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Clare Boothe Luce Center for Conservative Women - Colleges’ First-Year Experience Programs Colleges first-year experience programs

Colleges’ First-Year Experience Programs

Colleges’ First-Year Experience Programs

by Lil Tuttle

The semester-long college freshman orientation program, First-Year Experience (FYE), has become a costly bureaucratic industry at American colleges, writes John Tierney in an article entitled “Reeducation Campus.”  Run by administrators rather than professors, it is one of university leftists’ most successful student indoctrination programs, since every college freshman – regardless of major – is required to participate.

You may have come to study computer science or literature or biochemistry, but first you’ll have to learn about social justice, environmental sustainability, gender pronouns, and microaggressions. You may have been planning to succeed by hard work, but first you’ll have to acknowledge your privilege or discover your victimhood. If you arrived at college hoping to broaden your intellectual horizons, you’ll quickly be instructed which ideas are off-limits.

FYEs, an institution at 90 percent of American colleges today, are better coordinated across the nation’s colleges than most might think.

The programs often start with a “common read,” a book sent to everyone the summer before school starts, and proceed with lectures, discussion groups, seminars, courses, exercises, field trips, art projects, local activism, and whatever else the schools will fund. The programs are typically run not by professors but by “cocurricular professionals”—administrators lacking scholarly credentials who operate outside the regular curriculum. They don’t need to master an academic discipline or impart an established body of knowledge. They create a cocurriculum of what they want students to learn, which usually involves a great deal of talk about “diversity” and “inclusion.”

Campus administrators in the FYE industry are well networked, and many attend an FYE conference each year. It is here that authors sell themselves and their social justice stories in an attempt to win big book sales for whole freshman classes, as well as speaking engagements that amount to thousands of dollars.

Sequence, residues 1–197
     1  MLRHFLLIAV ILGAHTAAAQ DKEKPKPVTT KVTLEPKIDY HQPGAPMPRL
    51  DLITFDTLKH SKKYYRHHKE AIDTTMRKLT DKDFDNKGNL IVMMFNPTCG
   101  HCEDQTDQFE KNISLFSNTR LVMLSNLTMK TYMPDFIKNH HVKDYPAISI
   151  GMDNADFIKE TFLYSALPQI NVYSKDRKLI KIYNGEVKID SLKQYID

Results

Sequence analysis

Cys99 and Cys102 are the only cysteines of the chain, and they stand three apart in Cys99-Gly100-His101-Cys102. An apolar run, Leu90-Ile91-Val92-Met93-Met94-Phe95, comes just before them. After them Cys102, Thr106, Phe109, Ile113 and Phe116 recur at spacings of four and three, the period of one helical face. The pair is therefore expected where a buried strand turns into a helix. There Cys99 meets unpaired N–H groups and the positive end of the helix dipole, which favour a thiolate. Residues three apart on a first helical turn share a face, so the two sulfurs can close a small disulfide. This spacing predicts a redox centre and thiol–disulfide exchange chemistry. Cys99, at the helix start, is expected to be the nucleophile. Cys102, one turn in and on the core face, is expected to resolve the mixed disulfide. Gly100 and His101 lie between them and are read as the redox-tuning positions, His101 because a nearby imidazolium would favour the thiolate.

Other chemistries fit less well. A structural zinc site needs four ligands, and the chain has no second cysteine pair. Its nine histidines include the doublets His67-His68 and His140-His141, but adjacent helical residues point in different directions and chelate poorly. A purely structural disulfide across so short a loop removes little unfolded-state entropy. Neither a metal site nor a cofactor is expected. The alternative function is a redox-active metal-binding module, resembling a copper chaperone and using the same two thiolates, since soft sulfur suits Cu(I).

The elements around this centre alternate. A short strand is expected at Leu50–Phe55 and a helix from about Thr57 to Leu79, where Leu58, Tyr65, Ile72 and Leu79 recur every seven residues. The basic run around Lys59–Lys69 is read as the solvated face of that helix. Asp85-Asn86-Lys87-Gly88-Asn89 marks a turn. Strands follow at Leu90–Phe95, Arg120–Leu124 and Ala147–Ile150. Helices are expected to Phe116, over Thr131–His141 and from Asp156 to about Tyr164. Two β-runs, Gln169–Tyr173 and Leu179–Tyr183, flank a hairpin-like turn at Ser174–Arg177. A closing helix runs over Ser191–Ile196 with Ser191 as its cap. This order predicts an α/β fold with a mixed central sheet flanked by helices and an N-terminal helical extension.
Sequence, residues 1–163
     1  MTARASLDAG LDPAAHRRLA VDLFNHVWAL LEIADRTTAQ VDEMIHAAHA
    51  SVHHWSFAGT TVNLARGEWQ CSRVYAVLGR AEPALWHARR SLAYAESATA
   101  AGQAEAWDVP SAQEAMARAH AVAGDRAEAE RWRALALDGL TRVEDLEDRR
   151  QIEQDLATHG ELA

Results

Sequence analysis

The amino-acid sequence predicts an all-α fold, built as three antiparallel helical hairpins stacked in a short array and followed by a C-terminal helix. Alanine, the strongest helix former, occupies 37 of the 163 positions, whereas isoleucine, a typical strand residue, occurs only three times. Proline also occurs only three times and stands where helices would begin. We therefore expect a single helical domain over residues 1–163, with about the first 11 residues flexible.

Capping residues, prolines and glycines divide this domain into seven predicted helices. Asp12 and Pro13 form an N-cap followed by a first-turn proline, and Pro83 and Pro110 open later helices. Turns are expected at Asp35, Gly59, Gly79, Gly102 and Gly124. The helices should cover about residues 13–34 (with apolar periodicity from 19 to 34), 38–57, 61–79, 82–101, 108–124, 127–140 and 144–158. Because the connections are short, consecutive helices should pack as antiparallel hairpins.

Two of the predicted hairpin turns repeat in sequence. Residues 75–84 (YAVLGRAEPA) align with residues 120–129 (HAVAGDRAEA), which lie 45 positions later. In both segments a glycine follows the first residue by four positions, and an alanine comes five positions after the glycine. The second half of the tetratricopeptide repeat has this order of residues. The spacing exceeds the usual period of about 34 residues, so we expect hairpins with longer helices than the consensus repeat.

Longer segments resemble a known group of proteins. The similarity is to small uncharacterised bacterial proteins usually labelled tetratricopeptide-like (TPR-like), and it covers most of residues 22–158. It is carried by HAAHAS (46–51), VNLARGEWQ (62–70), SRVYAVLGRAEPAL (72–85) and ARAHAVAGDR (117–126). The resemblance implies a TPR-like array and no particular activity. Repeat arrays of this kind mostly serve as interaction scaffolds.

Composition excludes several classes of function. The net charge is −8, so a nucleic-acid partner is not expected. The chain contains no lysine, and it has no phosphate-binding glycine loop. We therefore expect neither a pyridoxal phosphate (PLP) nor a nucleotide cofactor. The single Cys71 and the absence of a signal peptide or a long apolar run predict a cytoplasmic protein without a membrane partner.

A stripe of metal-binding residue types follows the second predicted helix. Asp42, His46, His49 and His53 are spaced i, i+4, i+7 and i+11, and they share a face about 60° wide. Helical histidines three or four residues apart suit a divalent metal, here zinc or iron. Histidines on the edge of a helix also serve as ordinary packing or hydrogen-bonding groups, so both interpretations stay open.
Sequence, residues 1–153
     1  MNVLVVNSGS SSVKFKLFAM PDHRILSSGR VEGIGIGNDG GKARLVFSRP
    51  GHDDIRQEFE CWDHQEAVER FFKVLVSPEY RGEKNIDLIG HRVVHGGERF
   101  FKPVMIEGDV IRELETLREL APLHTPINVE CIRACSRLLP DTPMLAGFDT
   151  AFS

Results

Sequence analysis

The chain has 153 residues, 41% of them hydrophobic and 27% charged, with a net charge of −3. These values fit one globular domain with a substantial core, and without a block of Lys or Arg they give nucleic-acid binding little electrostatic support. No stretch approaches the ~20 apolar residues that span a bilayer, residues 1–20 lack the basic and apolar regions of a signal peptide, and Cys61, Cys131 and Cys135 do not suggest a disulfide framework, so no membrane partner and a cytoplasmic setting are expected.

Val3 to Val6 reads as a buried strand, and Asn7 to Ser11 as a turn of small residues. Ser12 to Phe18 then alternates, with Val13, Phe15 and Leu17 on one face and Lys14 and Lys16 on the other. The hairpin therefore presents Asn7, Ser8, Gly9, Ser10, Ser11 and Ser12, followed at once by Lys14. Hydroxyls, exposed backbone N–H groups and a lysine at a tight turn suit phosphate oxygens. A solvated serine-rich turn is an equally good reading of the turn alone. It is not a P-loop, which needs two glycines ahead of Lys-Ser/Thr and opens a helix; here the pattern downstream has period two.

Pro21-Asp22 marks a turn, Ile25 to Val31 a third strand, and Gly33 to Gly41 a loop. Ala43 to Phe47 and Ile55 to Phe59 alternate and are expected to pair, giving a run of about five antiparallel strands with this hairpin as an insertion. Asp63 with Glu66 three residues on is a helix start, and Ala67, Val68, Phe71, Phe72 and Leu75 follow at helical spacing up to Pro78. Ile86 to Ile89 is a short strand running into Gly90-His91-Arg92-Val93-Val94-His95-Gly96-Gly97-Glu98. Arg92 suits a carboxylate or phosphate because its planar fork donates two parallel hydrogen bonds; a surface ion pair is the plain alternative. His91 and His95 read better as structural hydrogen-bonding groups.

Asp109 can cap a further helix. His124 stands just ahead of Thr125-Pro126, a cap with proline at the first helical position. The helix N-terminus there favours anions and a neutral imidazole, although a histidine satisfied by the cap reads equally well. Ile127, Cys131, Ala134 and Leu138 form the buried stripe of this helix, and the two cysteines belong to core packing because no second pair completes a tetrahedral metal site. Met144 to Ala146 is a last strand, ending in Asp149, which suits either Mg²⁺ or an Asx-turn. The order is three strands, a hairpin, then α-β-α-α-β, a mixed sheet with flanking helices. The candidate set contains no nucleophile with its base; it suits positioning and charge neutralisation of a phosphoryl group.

Tierney attended the FYE conference in San Antonio TX this year, and he highlights some of the social warriors whose books and stories have been big hits among FYE conference goers.

This convention year’s rising star is Julie Lythcott-Haims.

The daughter of a white British immigrant and black American doctor who was once assistant surgeon general of the United States, she grew up in good neighborhoods and thrived at school academically and socially. In high school, she was a cheerleader and president of her class as well as the student council. But despite those successes, despite the degrees from Stanford and Harvard, despite the well-paying jobs and a bestseller she published on how to raise children, her memoir is a saga of oppression.

Tierney found Lythcott-Haims’ memoir – her saga of oppression – underwhelming, but her presentation to the FYE bureaucrats clearly hit the mark.

The writing is dreadful, but you have to give her credit for knowing her audience. The first-year administrators give her a standing ovation, and afterward they wonder to one another what she charges for a campus speech.

No doubt Lythcott-Haims’ message – “denunciations of the police, Donald Trump, Sarah Palin, and whites in general” – will soon be force-fed to countless college students whose own lives and experiences are far less “privileged” than hers. The sad irony is that Lythcott-Haims will get richer, while the students forced to absorb – and pay for – her message will get poorer.

Scholarly professors aren’t particularly impressed with FYE programs.

Many professors are unhappy with the results of this training: the students primed to complain about imagined slights, the snowflakes who report their teachers for discussing “unsafe” topics, the mobs who shout down visiting speakers with dissenting views. Many scholars resent diverting so much time and money to a non-scholarly cocurriculum, but they’re losing the budget battles.

Many students appear unimpressed with FYEs as well. One university conducted post-FYE surveys results found that over 80% of the facilitators agreed with the statement, “discussion taught things that students could use in campus life.”  A majority of students disagreed, however, with some commenting that they were tired of talking about race.

Such student push back only drives the First-Year Experience industry and cocurricular bureaucracy to push harder.

Academia has been taken over by leftists promising to solve problems that they created. The activists of the 1960s and 1970s demanded ethnic and racial fiefdoms on campus with the promise of promoting harmony, but instead they’ve accentuated divisions, promoting poisonous tribalism and intolerance.

The college experience was once an intellectually enlightening time of life for all students.  For most apolitical and conservative students, it is a costly social justice gauntlet to be endured.  Students may not have the option to reject such college excesses, but these colleges’ alumni certainly do: they can stop feeding the beast.